Long winding walks, and borders trim,

And velvet lawns between;

Restore to me that little spot,

With gray walls compassed round,

Where knotted grass neglected lies,

And weeds usurp the ground.

Though all around this mansion high

Invites the foot to roam,

And though its halls are fair within —

Oh, give me back my HOME!

Vanitas Vanitatum, Omnia Vanitas.

In all we do, and hear, and see,

Is restless Toil and Vanity.

While yet the rolling earth abides,

Men come and go like ocean tides;

And ere one generation dies,

Another in its place shall rise;

THAT, sinking soon into the grave,

Others succeed, like wave on wave;

And as they rise, they pass away.

The sun arises every day,

And hastening onward to the West,

He nightly sinks, but not to rest:

Returning to the eastern skies,

Again to light us, he must rise.

And still the restless wind comes forth,

Now blowing keenly from the North;

Now from the South, the East, the West,

For ever changing, ne’er at rest.

The fountains, gushing from the hills,

Supply the ever-running rills;

The thirsty rivers drink their store,

And bear it rolling to the shore,

But still the ocean craves for more.

’Tis endless labour everywhere!

Sound cannot satisfy the ear,

Light cannot fill the craving eye,

Nor riches half our wants supply,

Pleasure but doubles future pain,

And joy brings sorrow in her train;

Laughter is mad, and reckless mirth —

What does she in this weary earth?

Should Wealth, or Fame, our Life employ,

Death comes, our labour to destroy;

To snatch the untasted cup away,

For which we toiled so many a day.

What, then, remains for wretched man?

To use life’s comforts while he can,

Enjoy the blessings Heaven bestows,

Assist his friends, forgive his foes;

Trust God, and keep His statutes still,

Upright and firm, through good and ill;

Thankful for all that God has given,

Fixing his firmest hopes on Heaven;

Knowing that earthly joys decay,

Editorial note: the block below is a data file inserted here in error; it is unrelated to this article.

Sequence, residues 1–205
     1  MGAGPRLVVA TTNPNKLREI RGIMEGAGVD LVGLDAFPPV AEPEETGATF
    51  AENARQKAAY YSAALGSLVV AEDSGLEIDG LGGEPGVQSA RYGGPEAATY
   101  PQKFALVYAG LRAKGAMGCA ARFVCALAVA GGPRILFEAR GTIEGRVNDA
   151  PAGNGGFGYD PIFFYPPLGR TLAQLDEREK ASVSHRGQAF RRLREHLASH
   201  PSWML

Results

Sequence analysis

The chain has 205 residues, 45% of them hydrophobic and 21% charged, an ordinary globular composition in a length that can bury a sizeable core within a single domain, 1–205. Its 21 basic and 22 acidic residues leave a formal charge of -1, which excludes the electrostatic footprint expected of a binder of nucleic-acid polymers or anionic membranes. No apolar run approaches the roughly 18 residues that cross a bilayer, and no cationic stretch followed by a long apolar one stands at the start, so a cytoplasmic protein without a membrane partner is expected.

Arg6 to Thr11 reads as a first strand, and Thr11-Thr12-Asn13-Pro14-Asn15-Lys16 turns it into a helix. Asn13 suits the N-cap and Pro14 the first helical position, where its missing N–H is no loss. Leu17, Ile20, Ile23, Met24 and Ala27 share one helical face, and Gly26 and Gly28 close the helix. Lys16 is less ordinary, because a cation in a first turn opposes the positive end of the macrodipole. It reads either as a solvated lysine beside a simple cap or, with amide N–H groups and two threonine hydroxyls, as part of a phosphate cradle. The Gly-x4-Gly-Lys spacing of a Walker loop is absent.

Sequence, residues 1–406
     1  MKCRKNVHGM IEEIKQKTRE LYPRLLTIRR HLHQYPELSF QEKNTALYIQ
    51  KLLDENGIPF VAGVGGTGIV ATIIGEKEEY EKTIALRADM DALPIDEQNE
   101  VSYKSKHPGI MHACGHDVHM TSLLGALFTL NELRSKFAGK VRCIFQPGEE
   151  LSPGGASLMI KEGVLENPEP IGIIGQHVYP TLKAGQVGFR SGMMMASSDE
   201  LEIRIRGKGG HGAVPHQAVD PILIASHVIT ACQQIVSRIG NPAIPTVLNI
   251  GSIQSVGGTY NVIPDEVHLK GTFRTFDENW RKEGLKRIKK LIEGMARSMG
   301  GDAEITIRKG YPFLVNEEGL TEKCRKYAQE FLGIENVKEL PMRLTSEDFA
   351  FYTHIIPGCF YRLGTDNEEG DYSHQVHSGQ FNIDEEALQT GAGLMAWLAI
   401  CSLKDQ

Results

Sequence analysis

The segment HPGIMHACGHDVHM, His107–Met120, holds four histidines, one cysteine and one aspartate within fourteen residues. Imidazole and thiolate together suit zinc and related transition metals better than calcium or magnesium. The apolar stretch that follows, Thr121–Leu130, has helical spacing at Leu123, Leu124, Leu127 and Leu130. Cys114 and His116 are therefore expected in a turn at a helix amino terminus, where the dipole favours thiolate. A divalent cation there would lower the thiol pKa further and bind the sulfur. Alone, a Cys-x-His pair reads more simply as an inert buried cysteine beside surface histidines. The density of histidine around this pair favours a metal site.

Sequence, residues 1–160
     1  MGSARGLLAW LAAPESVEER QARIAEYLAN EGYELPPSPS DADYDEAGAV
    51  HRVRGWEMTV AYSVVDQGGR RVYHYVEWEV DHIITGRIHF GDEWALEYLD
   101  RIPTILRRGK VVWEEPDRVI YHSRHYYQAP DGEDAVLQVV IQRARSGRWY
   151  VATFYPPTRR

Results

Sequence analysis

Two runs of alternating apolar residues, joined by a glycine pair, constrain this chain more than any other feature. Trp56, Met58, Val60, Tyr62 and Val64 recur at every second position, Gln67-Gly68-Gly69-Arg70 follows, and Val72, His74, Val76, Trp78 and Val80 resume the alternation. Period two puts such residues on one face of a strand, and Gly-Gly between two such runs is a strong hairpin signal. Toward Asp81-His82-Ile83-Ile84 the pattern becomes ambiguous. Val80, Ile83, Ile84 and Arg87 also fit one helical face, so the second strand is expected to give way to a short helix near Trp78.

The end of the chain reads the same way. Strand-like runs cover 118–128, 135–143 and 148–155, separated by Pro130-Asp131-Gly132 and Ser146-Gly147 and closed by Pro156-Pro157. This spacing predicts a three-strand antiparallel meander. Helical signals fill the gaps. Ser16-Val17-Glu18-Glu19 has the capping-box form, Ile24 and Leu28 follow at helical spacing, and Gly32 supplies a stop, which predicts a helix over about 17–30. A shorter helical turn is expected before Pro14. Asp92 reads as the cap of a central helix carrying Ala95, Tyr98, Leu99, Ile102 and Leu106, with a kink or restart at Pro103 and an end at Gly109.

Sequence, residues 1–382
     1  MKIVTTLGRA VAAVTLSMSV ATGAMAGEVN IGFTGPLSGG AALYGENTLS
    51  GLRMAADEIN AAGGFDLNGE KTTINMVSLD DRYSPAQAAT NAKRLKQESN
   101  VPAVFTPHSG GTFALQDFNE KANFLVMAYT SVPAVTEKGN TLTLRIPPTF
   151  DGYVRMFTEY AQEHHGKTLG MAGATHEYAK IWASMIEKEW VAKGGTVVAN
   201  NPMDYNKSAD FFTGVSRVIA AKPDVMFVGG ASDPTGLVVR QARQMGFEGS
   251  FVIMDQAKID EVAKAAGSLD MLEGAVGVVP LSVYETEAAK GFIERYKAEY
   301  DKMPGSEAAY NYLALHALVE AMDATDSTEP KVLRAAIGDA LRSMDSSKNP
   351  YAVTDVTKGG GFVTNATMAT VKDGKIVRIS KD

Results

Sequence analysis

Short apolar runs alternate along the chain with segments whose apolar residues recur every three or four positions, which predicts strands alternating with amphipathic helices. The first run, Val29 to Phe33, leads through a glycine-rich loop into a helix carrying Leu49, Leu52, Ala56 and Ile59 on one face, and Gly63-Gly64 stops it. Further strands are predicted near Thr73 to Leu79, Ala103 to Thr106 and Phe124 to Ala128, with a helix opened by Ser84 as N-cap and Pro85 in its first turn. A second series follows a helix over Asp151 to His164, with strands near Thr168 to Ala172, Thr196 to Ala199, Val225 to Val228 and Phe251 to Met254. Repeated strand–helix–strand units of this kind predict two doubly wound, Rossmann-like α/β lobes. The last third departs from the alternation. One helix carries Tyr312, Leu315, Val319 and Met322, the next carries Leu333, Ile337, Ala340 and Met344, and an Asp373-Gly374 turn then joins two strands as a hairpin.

But hoping through the darkest day.

The Penitent.

I mourn with thee, and yet rejoice

That thou shouldst sorrow so;

With angel choirs I join my voice

To bless the sinner’s woe.

Though friends and kindred turn away,

And laugh thy grief to scorn;

I hear the great Redeemer say,

“Blessed are ye that mourn.”

Hold on thy course, nor deem it strange

That earthly cords are riven:

Man may lament the wondrous change,

But “there is joy in heaven!”

Music on Christmas Morning.

Music I love — but never strain

Could kindle raptures so divine,

So grief assuage, so conquer pain,

And rouse this pensive heart of mine —

As that we hear on Christmas morn,

Upon the wintry breezes borne.

Though Darkness still her empire keep,

And hours must pass, ere morning break;

From troubled dreams, or slumbers deep,

That music KINDLY bids us wake:

It calls us, with an angel’s voice,

To wake, and worship, and rejoice;

To greet with joy the glorious morn,

Which angels welcomed long ago,

When our redeeming Lord was born,

To bring the light of Heaven below;

The Powers of Darkness to dispel,

And rescue Earth from Death and Hell.

While listening to that sacred strain,

My raptured spirit soars on high;

I seem to hear those songs again

Resounding through the open sky,

That kindled such divine delight,

In those who watched their flocks by night.

With them I celebrate His birth —

Glory to God, in highest Heaven,

Good-will to men, and peace on earth,

To us a Saviour-king is given;

Our God is come to claim His own,

And Satan’s power is overthrown!

A sinless God, for sinful men,

Descends to suffer and to bleed;

Hell MUST renounce its empire then;

The price is paid, the world is freed,

And Satan’s self must now confess

That Christ has earned a RIGHT to bless:

Now holy Peace may smile from heaven,

And heavenly Truth from earth shall spring:

The captive’s galling bonds are riven,

For our Redeemer is our king;

And He that gave his blood for men

Will lead us home to God again.


Oh, weep not, love! each tear that springs

In those dear eyes of thine,

To me a keener suffering brings

Than if they flowed from mine.

And do not droop! however drear

The fate awaiting thee;

For MY sake combat pain and care,

And cherish life for me!

I do not fear thy love will fail;

Thy faith is true, I know;

But, oh, my love! thy strength is frail

For such a life of woe.

Were ‘t not for this, I well could trace

(Though banished long from thee)

Life’s rugged path, and boldly face

The storms that threaten me.

Fear not for me — I’ve steeled my mind

Sorrow and strife to greet;

Joy with my love I leave behind,

Care with my friends I meet.

A mother’s sad reproachful eye,

A father’s scowling brow —

But he may frown and she may sigh:

I will not break my vow!

I love my mother, I revere